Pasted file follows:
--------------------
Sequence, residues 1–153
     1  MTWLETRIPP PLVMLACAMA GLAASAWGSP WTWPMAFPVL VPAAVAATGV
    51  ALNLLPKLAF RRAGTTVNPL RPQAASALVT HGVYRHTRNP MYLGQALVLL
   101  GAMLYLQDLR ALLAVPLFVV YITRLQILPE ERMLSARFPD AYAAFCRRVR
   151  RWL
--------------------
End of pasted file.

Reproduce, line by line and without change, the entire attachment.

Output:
Sequence, residues 1–153
     1  MTWLETRIPP PLVMLACAMA GLAASAWGSP WTWPMAFPVL VPAAVAATGV
    51  ALNLLPKLAF RRAGTTVNPL RPQAASALVT HGVYRHTRNP MYLGQALVLL
   101  GAMLYLQDLR ALLAVPLFVV YITRLQILPE ERMLSARFPD AYAAFCRRVR
   151  RWL